to have numbered about one-fifth of the beneficed clergy, a computation
which does not seem excessive as Convocation had itself petitioned for the
permission of marriage. Cranmer, Ridley, and Latimer, were taken from
London to Oxford to hold a disputation on those doctrines as to which their
views were held to be heretical. The ecclesiastical condemnation of their
argument was of course a foregone conclusion. The parliament, however,
which ratified the marriage treaty, was chiefly remarkable for following
Paget in refusing assent to bills excluding Elizabeth from the succession
and restoring the Six Articles Act and the old Act against Lollards. Paget
acquired considerable strength from the fact that William, Lord Howard of
Effingham, who was in command of the fleet, was known to be in agreement
with his views. The parliament was dissolved in May. It is noteworthy also
that France was affording harbourage to many gentlemen of the West Country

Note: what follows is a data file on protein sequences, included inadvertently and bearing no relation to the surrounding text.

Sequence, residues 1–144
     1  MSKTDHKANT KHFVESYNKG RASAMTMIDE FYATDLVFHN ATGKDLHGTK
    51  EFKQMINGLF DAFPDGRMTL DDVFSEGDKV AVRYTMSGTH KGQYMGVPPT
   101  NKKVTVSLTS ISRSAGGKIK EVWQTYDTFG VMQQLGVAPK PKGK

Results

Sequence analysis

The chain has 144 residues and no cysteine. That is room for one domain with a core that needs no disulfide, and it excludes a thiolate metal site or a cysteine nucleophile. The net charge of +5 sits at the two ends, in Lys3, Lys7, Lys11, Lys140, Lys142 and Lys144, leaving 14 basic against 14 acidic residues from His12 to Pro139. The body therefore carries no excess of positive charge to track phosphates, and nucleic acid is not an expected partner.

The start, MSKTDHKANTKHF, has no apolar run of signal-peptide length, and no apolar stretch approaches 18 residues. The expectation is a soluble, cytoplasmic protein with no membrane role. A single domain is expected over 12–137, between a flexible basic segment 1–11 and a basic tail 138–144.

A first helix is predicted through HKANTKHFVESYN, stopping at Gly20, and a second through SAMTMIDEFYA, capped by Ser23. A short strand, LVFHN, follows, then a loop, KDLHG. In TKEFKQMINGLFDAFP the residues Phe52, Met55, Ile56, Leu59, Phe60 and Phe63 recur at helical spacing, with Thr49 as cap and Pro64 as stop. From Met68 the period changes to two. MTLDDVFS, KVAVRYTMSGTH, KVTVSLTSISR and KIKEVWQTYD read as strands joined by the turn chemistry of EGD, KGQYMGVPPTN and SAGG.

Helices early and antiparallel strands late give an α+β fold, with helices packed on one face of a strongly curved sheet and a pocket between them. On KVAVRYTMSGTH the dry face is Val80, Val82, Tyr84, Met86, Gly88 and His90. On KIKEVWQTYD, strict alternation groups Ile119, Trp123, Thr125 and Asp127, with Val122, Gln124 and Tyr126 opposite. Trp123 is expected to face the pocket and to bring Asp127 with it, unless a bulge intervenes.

who had been more or less implicated in the January rising.

[Sidenote: Nov. Reconciliation with Rome]

Mary's third parliament--in which the nation by its representatives was to
be formally reconciled to Rome--was called in November. Its first task was
to reverse the attainder against Pole which was of ancient date. The
Cardinal had distinguished himself in Henry's time by the vehemence of his
opposition (from abroad) to the divorce and to the King's subsequent
ecclesiastical proceedings, and his brothers as well as his mother had all
been found guilty of treason in connexion with real or manufactured
conspiracies. The reversal of the attainder was required to legalise his
position. On the 25th he landed with official pomp at Westminster. On the
29th, the Houses agreed--with but one dissentient in the Commons--to a
"supplication" entreating for pardon and the restoration of the nation to
communion with Rome. The next day was performed the ceremony of presenting
the supplication to the Legate and receiving his solemn Absolution. Two
days later, Gardiner from the pulpit confessed the sin of which he in
common with the nation in general had been guilty in the great schism, and
declared himself a loyal and repentant son of the Church. Since loyalty and
repentance did not involve restitution of Church property, most of his